- As the result of a class- or school-based competition. The class is divided into teams. Each team makes a presentation before the rest of the class; the team with the best presentation goes on to represent the school. An alternative is the "all-star" approach, in which the five best presenters in class are chosen. Or team selection can be extended to all the classes in a school by choosing either a best-of-school team or a team of the school's best presenters.
- By teacher selection. A teacher assembles a team on the basis of overall performance, some in-class assignment or expressed interest in the subject.
Other class members can get involved by taking part in team activities such as:
- gathering and analyzing data and useful background information,
- researching important concepts and issues that are likely to be important to monetary policy, preparing charts and other parts of the presentation,
- judging practice sessions and providing feedback, and
- serving as an alternate team member in case of team member absence on the day of the competition.
Faculty advisors must register their teams online.
- Schools must be in the Second Federal Reserve District which includes New York State; Bergen, Essex, Hudson, Hunterdon, Middlesex, Monmouth, Morris, Passaic, Somerset, Sussex, Union and Warren counties in New Jersey; and Fairfield County in Connecticut.
- One team from each school is allowed to enter.
- All correspondence, including sign-up and materials distribution, will be done electronically through the New York Fed's website or email. It is the responsibility of faculty advisors and student participants to check the website for notices and posted materials and to read all email messages carefully. There will be no exceptions to this policy.
Faculty advisors will be asked to:
- Fill out all information about the team in the online registration system.
- Have their school principal send an endorsement via email to the program manager Graham Long at email@example.com. This endorsement is required for team participation. Download the principal endorsement form.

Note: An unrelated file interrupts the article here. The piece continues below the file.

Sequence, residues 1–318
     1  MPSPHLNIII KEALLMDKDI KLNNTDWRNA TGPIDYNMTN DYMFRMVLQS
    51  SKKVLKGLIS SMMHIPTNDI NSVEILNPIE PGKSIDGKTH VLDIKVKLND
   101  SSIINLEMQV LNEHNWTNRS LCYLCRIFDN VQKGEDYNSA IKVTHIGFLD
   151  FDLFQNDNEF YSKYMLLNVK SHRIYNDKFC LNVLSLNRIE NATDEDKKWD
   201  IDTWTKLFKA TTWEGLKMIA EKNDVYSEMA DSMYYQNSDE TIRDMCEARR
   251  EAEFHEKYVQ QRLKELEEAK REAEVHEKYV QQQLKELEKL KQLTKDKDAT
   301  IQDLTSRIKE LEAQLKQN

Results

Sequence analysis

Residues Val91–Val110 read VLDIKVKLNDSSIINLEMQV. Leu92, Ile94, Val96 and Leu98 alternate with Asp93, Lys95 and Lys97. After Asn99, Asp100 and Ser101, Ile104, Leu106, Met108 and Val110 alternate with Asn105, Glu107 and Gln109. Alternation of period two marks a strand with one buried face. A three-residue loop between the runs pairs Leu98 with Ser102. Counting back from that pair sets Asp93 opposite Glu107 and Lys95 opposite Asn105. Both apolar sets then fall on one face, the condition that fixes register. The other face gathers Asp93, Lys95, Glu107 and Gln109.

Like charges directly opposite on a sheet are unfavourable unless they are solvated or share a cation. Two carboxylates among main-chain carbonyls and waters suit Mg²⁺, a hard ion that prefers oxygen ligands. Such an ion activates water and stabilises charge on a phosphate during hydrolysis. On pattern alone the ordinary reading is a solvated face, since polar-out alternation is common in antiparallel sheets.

Note: Other adults, such as parents or interested community members, can serve as faculty advisors, but they must receive permission and endorsement from the school principal. The principal should email the program coordinator, as described above.
In order to foster an efficient and respectful environment to successfully participate in the High School Fed Challenge, students, faculty advisors and judges are reminded to follow the Code of Conduct:
- The New York Fed High School Fed Challenge is an educational program that aims to encourage students to learn more about the Federal Reserve System and to spur interest in economics and finance as the basis for a possible career.
- Participants should conduct themselves professionally, respectfully and with integrity during all the events that constitute the New York Fed High School Fed Challenge.
- Participants should not engage in verbal or physical behavior that, according to reasonable sensibilities, stigmatizes or victimizes an individual on the basis of race, color, national origin, sex, religion or disability.
- Participants should not engage in verbal or physical behavior that threatens or harms any individual involved in the New York Fed High School Fed Challenge.
- Students and faculty advisors should not approach the judges with questions, comments or concerns about the judging process, feedback or scoring of teams. These questions, comments and concerns should be referred to the New York Fed Economic Education staff onsite who will address them.
- Failure to follow the code of conduct may result in the participant’s or the team’s immediate disqualification from the High School Fed Challenge and from other current and/or future educational programs organized by the New York Fed.
How many competition dates are there?
- There will be a preliminary round and one semi-final/final day. The semi-final and final competitions are held on the same day, with the semi-final round taking place in the morning and the finals in the afternoon. A bracket is a group of teams that compete against each other in a competition round. All teams in a bracket face the same judges and compete in the same room. The winner of each bracket will advance to the next round of competition.
How are teams assigned to brackets and preliminary competition dates?
- Teams are assigned at random to brackets and to one of the two preliminary competition dates. Under extenuating circumstances, the New York Fed may assign a team to compete on a specific preliminary date and time. This accommodation, however, is not guaranteed.
Who are the competition judges and how are they assigned to brackets?
- Judges are New York Fed economists and staff who are experts on economics and monetary policy. Judging teams are assigned at random to the brackets.
If you have additional questions, contact the program manager Graham Long at firstname.lastname@example.org.